Dennis grew up in the US of A and told of childhood memories of inspiring Life Magazine and National Geographic articles on Australian wildlife. His obsession with “exotic” wildlife was cemented when his family was posted to Taiwan for two years and Dennis’s new neighbours included flying foxes and elapid snakes.


Dennis told of his early experiences at school with salamanders and nuns and how the two didn’t mix particularly well, much to his eternal disappointment, but to our benefit as we were treated to a photo of a Slender Salamander. Terrestrial salamanders are very common in the US and they fill a very similar niche to the little brown skinks that skitter through the leaf litter here in Australia. Dennis told of more strange elongated amphibians with pictures of Cave Salamanders, Californian Newts and plethodontid salamanders – so familiar to herpetologists of the New World, so unusual looking to Australian froggers. Dennis had studied these along with tree frogs at University of California, Davis.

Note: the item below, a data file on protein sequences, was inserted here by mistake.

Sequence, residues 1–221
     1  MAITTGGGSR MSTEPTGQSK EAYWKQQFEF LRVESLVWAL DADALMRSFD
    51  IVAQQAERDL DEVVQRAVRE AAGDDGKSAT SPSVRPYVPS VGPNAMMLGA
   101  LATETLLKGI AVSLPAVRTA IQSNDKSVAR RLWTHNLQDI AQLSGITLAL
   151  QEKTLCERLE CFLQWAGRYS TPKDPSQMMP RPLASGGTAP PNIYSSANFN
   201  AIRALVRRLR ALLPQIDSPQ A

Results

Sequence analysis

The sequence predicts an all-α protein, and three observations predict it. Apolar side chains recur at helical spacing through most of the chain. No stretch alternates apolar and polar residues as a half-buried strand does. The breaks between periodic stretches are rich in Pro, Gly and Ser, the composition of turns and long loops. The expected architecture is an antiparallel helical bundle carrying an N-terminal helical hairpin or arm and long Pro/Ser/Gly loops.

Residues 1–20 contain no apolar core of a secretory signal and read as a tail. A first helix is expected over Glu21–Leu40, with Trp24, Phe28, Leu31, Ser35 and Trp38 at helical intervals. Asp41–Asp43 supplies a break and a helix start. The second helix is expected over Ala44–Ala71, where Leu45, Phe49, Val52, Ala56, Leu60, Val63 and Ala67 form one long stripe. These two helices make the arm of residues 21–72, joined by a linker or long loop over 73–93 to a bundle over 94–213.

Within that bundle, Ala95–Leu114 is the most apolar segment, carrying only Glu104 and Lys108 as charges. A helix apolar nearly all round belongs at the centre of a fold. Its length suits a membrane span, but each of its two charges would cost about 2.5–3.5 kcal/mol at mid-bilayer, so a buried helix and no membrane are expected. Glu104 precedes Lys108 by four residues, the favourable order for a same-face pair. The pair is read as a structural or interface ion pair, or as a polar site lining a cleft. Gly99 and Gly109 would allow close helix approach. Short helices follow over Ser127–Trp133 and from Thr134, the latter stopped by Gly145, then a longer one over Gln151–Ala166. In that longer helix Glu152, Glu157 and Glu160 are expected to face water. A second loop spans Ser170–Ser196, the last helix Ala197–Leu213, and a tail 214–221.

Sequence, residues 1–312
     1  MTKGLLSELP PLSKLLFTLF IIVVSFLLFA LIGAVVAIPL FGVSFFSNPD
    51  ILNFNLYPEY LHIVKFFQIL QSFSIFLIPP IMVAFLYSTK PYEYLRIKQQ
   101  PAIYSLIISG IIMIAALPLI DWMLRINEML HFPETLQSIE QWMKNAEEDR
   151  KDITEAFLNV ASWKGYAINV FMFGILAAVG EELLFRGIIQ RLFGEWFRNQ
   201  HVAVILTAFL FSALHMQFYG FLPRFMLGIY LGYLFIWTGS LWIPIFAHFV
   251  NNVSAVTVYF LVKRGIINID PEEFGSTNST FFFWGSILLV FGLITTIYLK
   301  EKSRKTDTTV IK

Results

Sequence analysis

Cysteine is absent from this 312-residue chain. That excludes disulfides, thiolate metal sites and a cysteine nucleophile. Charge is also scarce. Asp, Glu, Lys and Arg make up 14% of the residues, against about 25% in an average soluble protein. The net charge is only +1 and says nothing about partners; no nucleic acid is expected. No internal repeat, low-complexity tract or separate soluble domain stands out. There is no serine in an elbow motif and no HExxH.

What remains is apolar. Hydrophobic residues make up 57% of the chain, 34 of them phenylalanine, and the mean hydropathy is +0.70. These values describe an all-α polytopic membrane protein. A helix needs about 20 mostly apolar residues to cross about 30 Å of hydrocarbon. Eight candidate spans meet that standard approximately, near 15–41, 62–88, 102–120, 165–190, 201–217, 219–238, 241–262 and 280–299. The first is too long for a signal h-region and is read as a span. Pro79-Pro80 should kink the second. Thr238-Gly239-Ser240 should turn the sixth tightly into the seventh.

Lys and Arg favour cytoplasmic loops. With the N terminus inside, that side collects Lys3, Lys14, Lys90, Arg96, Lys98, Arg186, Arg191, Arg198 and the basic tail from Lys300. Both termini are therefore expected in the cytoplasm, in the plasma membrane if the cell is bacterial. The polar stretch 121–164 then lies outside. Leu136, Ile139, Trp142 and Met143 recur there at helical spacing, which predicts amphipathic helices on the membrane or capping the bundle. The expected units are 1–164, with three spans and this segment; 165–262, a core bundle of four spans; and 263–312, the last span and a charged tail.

Opportunity knocked in 1971 when recruiters from the Victorian Education Department offered Dennis a job teaching high school science in the Melbourne suburbs. After a year and a half of general frustration, Dennis was offered an actual ticket to work with real Aussie wildlife – a job in the Zoology Department at Monash and the realisation of dreams. Monash University in the seventies, as Dennis explained, was a hotbed of vertebrate zoology and Dennis was in the thick of it.